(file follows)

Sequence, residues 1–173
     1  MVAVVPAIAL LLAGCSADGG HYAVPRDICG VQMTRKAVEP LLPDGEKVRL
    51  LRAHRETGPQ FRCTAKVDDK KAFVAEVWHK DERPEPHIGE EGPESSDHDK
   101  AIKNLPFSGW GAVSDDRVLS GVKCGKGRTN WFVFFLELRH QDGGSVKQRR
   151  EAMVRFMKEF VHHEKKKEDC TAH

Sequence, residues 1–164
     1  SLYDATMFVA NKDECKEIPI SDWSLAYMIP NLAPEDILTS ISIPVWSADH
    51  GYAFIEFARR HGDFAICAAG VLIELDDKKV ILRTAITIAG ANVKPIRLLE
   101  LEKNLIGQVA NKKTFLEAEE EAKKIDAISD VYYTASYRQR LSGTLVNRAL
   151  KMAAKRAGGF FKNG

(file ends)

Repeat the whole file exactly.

Sequence, residues 1–173
     1  MVAVVPAIAL LLAGCSADGG HYAVPRDICG VQMTRKAVEP LLPDGEKVRL
    51  LRAHRETGPQ FRCTAKVDDK KAFVAEVWHK DERPEPHIGE EGPESSDHDK
   101  AIKNLPFSGW GAVSDDRVLS GVKCGKGRTN WFVFFLELRH QDGGSVKQRR
   151  EAMVRFMKEF VHHEKKKEDC TAH

Sequence, residues 1–164
     1  SLYDATMFVA NKDECKEIPI SDWSLAYMIP NLAPEDILTS ISIPVWSADH
    51  GYAFIEFARR HGDFAICAAG VLIELDDKKV ILRTAITIAG ANVKPIRLLE
   101  LEKNLIGQVA NKKTFLEAEE EAKKIDAISD VYYTASYRQR LSGTLVNRAL
   151  KMAAKRAGGF FKNG